World's first city uncovered in Syria

A team of American and Syrian archaeologists discovered a prehistoric city in Syria and believe it influenced the foundations of urban life in the Middle East.
Written by Boonsri Dickinson, Contributing Editor

Before the wheel and before there was writing, there lay* this urban center in the Middle East. The prehistoric city showed evidence its people traded volcanic glass, engaged in agriculture, and created copper processing.

Enter the newly discovered town of Tell Zeidan, which hasn't been excavated in nearly 6,000 years. The city dates back to between 6000 B.C. and 4000 B.C., which is the time right before the first true city centers emerged in the Mesopotamia area. And its located at the center of major trade routes that followed the Euphrates River valley.

In fact, the Ubaid people not only lived in cities, they had power and class divisions within their society. The archaeologists found artifacts such as the strainer-sprouted pitcher and a stone stamp seal of a deer that suggest the elite members of society lived a life of luxury.

To get some of the raw materials, the Ubaid people had to travel up to 250 miles to collect them. This must have been difficult without the wheel! And this was way before domesticated donkeys, so the people had to carry the material on their backs.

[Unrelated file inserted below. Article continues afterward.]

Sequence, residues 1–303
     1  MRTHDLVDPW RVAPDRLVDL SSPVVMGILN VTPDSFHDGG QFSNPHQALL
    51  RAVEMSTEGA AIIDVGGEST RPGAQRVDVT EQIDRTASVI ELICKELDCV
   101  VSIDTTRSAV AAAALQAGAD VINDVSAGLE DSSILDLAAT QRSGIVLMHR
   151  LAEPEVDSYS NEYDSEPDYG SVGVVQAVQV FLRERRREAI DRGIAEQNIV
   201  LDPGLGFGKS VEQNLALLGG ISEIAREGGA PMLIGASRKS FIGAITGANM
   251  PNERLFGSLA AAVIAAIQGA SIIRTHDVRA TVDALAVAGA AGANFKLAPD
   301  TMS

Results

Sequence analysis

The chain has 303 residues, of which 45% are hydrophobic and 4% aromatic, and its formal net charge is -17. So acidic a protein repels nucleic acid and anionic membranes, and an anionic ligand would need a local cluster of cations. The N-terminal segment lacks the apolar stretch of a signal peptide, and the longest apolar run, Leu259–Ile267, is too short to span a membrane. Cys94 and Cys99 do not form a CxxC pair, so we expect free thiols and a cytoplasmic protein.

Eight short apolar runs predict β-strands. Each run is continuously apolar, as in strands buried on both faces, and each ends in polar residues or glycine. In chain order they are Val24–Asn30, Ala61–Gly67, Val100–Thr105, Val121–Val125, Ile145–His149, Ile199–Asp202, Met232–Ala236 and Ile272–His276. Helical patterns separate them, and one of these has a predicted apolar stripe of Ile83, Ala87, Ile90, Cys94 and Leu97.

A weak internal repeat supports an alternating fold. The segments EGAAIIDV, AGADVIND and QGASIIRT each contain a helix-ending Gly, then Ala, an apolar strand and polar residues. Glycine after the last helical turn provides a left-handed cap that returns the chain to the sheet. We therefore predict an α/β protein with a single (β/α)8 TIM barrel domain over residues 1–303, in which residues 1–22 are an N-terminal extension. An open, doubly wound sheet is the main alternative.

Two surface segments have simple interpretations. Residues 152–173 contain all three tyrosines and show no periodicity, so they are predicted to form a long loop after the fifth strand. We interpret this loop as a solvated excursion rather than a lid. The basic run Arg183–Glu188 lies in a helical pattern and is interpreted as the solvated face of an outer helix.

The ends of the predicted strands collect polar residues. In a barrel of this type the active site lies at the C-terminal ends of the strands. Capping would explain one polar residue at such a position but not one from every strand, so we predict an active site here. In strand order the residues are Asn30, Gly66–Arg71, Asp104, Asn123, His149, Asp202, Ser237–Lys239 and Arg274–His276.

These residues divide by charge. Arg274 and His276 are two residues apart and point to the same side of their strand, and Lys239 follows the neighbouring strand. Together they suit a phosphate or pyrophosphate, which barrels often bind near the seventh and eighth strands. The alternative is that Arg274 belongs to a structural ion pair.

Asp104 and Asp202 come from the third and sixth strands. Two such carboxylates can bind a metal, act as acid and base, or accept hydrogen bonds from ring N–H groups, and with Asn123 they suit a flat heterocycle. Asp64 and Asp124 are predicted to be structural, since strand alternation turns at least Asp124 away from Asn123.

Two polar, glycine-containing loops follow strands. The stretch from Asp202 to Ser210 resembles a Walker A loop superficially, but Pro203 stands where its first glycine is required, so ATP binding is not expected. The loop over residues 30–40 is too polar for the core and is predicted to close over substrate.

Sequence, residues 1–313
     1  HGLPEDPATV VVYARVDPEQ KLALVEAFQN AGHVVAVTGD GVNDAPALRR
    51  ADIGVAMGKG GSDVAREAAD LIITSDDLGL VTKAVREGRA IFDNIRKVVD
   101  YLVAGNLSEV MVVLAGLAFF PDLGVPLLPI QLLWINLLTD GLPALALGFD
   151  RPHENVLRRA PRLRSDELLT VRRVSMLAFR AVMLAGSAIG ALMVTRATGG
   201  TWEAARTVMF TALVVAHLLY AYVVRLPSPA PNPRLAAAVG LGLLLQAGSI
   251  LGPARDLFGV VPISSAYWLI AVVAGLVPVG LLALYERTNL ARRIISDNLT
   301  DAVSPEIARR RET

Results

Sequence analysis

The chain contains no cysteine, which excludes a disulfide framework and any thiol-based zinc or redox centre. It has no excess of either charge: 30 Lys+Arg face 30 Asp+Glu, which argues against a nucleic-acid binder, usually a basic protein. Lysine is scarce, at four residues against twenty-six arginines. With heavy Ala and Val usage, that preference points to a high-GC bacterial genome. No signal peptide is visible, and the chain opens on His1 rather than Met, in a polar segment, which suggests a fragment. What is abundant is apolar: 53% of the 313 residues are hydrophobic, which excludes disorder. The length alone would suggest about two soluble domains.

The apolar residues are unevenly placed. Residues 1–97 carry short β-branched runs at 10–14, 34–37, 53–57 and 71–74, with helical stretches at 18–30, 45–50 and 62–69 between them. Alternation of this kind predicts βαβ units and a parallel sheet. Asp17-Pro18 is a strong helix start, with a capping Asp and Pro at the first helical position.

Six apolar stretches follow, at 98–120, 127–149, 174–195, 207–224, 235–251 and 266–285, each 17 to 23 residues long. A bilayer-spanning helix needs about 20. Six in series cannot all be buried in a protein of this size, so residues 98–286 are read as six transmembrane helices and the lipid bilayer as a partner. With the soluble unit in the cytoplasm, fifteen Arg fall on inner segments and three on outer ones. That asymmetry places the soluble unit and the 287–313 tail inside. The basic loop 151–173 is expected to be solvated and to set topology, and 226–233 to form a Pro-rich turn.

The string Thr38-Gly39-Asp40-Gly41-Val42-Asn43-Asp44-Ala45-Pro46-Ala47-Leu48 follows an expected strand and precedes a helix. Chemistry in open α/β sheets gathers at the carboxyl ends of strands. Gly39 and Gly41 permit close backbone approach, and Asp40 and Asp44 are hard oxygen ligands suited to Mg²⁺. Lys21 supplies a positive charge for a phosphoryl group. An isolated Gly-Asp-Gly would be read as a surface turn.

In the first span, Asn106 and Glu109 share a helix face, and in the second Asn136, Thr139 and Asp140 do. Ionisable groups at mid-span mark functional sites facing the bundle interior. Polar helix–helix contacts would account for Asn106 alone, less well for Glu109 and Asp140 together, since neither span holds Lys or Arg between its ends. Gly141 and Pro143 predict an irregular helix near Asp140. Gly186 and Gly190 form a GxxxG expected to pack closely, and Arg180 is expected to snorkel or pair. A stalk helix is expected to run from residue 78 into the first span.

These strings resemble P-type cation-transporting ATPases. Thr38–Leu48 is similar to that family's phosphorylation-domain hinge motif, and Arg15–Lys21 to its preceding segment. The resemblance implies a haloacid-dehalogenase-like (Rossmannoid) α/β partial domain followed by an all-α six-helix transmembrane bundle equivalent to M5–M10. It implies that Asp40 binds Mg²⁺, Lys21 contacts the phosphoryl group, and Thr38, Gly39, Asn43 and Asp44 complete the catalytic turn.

Some objects revealed that the Ubaid people developed copper processing. And the archaeologists found kilns that proved that the Ubaid made a ton of pottery. The researchers loved finding the steal stamps, as it was evidence that the pre-historic culture valued owning things. Minor disclaimer: They had to stamp their belongings because writing didn't exist back then.

And more surprising, the same seal was found 185 miles away. This meant that the owner ruled over great distances and the objects were symbols of status, shared amongst other social elites. One archaeologist who led the dig, Gil Stein, the director of the Oriental Institute, concluded the evidence at the site showed that the political leaders essentially had enough power to transform a traditionally, isolated village lifestyle into a society that relied on trading luxurious products.

Indeed, this was a critical time for the development of urban life. The Ubaid people used widespread irrigation and agriculture. And yes, they had powerful, political leaders. Also, the divide between rich and poor people played a role in forming the foundation of urban life as we know it.

Credit: Gil Stein, Oriental Institute, University of Chicago

Video Credit: Dena Headlee and Lisa Raffensperger, National Science Foundation

Author's note: Assiduous readers will see that, following the suggestion of my grammatical adviser, Charlie Petit, I have changed "laid" to "lay". Those of you who are reading this because you hoped to get "laid" will be disappointed.

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This post was originally published on Smartplanet.com

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